Have your child be as involved and in charge of his treatment as possible. If he needs to take medicine in the evening, let him decide what time in the evening he will take it each day. If he needs to get cast or a bandage, let him select the type and color of it. When your child feels less like a victim, he’ll may cooperate more and be happier.  

Consider Bach Flower Therapy to Help Reduce Fear
Bach Flower Therapy is a harmless water-based naturopathic treatment that can ease emotional distress and even prevent it from occurring in the future.  Every health food store carries Bach Remedies, and especially the pre-mixed one called “Rescue Remedy.” Rescue Remedy is a potent mix of a few different flower remedies, useful for times of panic, injury or hysteria. You can give your child Rescue Remedy as you leave home for the doctor’s office, as well as right after he or she receives any uncomfortable or painful medical intervention. To help prevent anxiety and stress related to future doctor’s visits, you can provide regular Bach Flower Therapy. This involves selecting a few remedies that your child might benefit from and mixing them together in a one-ounce Bach Mixing Bottle. You give this mixture to your child daily until doctor-related distress has diminished totally. Some useful remedies for this purpose include the following: Mimulus, which helps all fears and phobias, Rock Rose which helps feelings of panic, and Cherry Plum, which is used for loss of control (as when your child has a meltdown). Consider the remedy Vine if your child is very strong willed and refuses to cooperate with the medical visit. The flower remedy White Chestnut is useful for those children who worry obsessively in advance of the visit, especially those who lose sleep due to an overanxious mind. To mix your selected remedies together in one treatment bottle, fill the Bach Mixing Bottle with water (a mixing bottle is an empty bottle with a glass dropper, sold in health food stores along with Bach Flower Remedies). Next, add two drops of each remedy that you want to use. Finally, add one teaspoon of brandy. The bottle is now ready to use. Give your child 4 drops of the mixture in any liquid (juice, water, milk, tea, etc.) four times a day (morning, mid-day, afternoon and evening). Remedies can be taken with or without food. Continue this treatment until the fear has dissipated. Start treatment again, if the fear returns. Over time, Bach Flower Therapy can help the fear diminish completely.

Consult a Mental Health Professional
If you’ve tried all of the above suggestions and your child is still suffering intensely from fears of doctors or medical treatments, consult a mental health professional. Ask your pediatrician for a referral. Mental health professionals may be able to give you added strategies to try at home and they can also treat your child directly, using specialized interventions that can help the child overcome anxious feelings. Often, a child only requires a short course of treatment for a specific phobic reaction like fear of doctors or medical treatment.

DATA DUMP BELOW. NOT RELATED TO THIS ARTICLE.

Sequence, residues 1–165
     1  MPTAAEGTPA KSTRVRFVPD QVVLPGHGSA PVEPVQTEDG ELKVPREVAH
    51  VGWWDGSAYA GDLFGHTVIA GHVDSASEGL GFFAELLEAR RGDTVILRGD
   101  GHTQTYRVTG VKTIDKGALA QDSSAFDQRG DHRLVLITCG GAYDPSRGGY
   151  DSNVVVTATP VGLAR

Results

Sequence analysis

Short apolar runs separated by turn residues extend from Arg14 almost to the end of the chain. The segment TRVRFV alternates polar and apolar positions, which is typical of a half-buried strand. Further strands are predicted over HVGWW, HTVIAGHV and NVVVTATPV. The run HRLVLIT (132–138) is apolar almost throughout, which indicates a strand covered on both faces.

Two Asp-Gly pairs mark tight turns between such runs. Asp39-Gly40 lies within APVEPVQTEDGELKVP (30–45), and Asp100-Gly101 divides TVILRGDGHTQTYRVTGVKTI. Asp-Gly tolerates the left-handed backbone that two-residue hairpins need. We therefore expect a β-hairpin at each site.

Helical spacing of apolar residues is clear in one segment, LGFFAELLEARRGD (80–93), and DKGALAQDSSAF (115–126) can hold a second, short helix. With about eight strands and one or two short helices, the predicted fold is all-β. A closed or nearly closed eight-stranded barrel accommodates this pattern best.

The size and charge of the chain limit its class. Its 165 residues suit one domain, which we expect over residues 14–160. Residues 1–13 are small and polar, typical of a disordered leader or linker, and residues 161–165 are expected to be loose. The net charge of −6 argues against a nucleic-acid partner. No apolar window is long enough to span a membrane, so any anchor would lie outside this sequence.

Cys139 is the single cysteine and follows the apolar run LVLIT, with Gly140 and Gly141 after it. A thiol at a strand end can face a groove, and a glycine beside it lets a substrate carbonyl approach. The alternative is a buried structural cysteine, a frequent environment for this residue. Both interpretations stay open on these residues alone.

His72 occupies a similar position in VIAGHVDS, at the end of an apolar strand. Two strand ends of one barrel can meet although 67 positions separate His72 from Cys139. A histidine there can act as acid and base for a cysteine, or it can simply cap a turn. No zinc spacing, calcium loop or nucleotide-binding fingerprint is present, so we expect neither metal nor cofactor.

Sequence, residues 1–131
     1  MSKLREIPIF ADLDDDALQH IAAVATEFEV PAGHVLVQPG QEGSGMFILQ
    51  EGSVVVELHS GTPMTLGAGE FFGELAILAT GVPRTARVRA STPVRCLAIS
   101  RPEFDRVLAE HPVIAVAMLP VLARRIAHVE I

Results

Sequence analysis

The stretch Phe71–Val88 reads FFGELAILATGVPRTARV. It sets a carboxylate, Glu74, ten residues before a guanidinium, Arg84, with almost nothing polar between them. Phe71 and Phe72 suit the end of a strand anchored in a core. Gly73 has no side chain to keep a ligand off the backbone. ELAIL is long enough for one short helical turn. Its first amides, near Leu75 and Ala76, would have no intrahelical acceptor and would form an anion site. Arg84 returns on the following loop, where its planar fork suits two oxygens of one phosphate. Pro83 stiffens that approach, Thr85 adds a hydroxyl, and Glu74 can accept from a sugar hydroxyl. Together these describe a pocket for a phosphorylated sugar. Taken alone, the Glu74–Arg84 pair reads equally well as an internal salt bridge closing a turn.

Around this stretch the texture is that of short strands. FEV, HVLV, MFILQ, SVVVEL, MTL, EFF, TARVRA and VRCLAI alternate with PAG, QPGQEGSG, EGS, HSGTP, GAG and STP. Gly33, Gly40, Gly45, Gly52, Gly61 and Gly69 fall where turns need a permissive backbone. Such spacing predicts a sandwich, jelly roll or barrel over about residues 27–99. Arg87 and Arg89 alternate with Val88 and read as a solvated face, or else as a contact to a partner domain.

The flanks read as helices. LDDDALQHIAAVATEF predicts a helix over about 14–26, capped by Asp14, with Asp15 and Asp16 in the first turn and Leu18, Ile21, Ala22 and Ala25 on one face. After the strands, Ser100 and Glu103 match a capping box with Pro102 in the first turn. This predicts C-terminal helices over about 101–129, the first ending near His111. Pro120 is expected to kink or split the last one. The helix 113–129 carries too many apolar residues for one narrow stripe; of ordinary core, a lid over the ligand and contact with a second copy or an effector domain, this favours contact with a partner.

Out-of-Control Teens

Some teenagers are model citizens. This article is not about them. This article is about those teens who are acting out – the ones who talk back to their parents, dosage swear at them, act aggressively when upset, have no respect for rules or curfews, do what they want when they want, engage in addictive, destructive, illegal or immoral behavior and otherwise distress their well-meaning parents terribly. It is also about those teens who are “acting in” – those with depression, eating disorders, cutting behaviors and other self-destructive patterns. All of these children frighten, worry and dismay their parents. Why do they behave this way? What can parents do about it?

Out-of-Control Parents
Many out-of-control teens trigger out-of-control behavior in their parents. Because of their intense fear, hurt and helplessness, many parents of out-of-control teens become enraged and display their own version of temper tantrum behavior. In an effort to regain control, some dole out irrational negative consequences like “life-long” loss of privileges or “life-long” grounding. Even if they manage to use more reasonable consequences, many use too many or make them too intense for the crime. The result is a very negative relationship in which the adolescent loses all motivation to please the parent or cooperate in any way. The troubled relationship actually fuels more adolescent pain and more troubled behaviors. The last thing a struggling adolescent needs is an out-of-control parent.

How to Help Troubled Teens
The first step for parents it to maintain total control over THEMSELVES. Parents should let their adolescents know that they are starting a SELF-improvement program: no more yelling, tantrumming, insulting or other disrespectful behaviors. The parent will remove all behaviors from his or her own repetoire that would be unacceptable if the teen engaged in that behavior. For instance, if the parents want the teen to stop yelling, the parent will work on removing yelling from his or her own behavior (the same applies for any other similar behavior such as, unpleasant tone of voice, nasty facial expressions, unkind words, stomping & slamming, etc.). After a month of working on his or her own behavior, the parent can begin to help the teen make similar changes using a similar technique. The teen may be inspired by the model of the parnts. The parents have shown their own willingness to help make things better and they have shown that they can be successful. The teen may be more willing to get with the program when the parents have led the way.